Testing — passing in test features to model to get predictions, and then comparing results to known values (labels) for a group of records.

Accuracy — the percentage of prediction results that matched the expected result out of all test records.

Ok, so you’ve learned some terms. Now let’s put them into action. I’ve used a basic example below to illustrate how to apply ML to a problem. Of course, in order to apply it to a specific business problem your organization is facing, a more bespoke approach is required.

Applying ML and building a model

Machine Learning for Minimum Viable Model (MVM) can help to develop an initial ML model to demonstrate proof of concept modeling of a specific business use case.

1. Data exploration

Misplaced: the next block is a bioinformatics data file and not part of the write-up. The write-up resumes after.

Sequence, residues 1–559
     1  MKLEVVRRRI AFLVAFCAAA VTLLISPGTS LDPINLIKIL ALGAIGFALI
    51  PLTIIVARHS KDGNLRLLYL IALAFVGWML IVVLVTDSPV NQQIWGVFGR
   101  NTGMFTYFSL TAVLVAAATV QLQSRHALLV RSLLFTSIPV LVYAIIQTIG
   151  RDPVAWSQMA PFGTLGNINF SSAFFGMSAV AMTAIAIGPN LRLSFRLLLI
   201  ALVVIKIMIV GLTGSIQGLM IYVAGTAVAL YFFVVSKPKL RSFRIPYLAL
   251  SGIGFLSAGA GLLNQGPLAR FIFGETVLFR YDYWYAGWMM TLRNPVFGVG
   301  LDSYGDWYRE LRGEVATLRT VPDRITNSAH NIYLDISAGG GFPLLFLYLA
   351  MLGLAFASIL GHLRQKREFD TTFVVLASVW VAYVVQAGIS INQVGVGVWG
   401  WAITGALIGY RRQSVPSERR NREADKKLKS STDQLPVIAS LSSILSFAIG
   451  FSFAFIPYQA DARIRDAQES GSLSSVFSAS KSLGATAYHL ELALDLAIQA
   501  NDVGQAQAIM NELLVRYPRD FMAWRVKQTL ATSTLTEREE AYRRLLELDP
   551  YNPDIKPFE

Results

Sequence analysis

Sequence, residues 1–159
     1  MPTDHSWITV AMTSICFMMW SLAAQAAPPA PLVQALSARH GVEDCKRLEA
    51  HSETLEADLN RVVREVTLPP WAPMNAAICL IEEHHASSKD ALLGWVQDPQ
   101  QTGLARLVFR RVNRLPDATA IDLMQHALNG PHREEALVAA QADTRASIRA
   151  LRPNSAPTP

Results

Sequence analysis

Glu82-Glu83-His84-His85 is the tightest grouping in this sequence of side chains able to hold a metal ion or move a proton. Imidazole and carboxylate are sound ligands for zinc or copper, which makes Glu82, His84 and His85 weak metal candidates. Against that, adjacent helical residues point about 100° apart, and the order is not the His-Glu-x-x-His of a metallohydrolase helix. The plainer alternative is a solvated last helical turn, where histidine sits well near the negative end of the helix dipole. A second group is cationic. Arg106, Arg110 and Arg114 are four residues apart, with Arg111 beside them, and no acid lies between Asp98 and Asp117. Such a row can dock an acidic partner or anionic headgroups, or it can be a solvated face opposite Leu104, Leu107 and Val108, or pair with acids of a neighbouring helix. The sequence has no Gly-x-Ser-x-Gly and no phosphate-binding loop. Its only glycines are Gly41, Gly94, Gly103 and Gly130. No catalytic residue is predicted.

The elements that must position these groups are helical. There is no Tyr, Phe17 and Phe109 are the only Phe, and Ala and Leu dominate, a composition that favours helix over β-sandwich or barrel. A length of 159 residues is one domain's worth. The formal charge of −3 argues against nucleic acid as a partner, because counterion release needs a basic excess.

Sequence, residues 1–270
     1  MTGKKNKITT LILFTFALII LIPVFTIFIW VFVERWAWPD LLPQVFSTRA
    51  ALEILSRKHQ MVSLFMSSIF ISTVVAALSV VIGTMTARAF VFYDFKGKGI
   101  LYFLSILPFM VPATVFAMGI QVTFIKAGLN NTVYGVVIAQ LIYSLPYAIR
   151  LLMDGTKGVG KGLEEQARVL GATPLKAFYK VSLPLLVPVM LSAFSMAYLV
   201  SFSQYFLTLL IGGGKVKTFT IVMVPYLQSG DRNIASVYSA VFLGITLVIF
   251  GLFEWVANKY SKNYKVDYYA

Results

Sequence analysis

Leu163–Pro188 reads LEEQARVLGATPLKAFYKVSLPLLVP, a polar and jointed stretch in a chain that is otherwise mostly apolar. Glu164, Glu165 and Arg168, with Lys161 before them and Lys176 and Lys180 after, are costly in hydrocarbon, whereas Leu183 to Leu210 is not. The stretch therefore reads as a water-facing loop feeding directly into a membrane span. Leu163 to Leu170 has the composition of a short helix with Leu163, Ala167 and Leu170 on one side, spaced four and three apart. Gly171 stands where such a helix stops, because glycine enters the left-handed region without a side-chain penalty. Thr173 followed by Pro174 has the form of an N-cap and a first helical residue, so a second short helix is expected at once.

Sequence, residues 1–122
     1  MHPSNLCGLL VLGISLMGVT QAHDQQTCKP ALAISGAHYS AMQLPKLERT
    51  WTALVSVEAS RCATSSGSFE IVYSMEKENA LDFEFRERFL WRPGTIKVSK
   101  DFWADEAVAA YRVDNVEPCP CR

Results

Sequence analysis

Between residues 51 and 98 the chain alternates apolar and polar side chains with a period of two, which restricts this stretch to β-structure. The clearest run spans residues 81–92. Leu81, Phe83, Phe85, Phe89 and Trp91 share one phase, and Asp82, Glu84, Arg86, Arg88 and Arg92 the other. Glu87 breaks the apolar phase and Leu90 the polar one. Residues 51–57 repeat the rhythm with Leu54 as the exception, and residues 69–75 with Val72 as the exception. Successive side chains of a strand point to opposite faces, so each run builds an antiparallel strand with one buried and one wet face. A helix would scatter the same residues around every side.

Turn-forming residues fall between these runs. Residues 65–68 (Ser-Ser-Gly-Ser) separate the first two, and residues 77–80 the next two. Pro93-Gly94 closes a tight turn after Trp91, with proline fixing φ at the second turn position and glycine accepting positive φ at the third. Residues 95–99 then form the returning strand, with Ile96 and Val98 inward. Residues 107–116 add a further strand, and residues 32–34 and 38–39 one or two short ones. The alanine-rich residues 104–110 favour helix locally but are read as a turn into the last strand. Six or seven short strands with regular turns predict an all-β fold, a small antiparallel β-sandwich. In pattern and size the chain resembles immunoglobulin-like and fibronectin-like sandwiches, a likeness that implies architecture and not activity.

First, analyze available data sources to assess the state of data and potential usefulness in applying in an ML model, including analysis of data characteristics, data quality, cleanliness, potential correlation and patterns. Check for class imbalance and validate hypotheses relative to data.

2. Algorithm selection

Research modeling strategies to determine the appropriate ML selection algorithm to address business problems, including research existing strategies and whitepapers. Then select known algorithms based on hypothesis, type of features and patterns in data.

3. Feature engineering

Create ML model features based on raw data analysis and tests using the domain knowledge to identify potential features and advice on the transformation of raw data into feature recommendations.

4. Initial model development

Finally, develop an initial ML model using the data to solve the business problem and iterate.

Let’s use a specific example here. Say you have a website and want to increase subscriber numbers. In the past, you spent equal amounts on advertising on Google, Facebook, TV, radio and print. You have the same budget next year and need to know where to spend to increase new subscribers by 20 percent.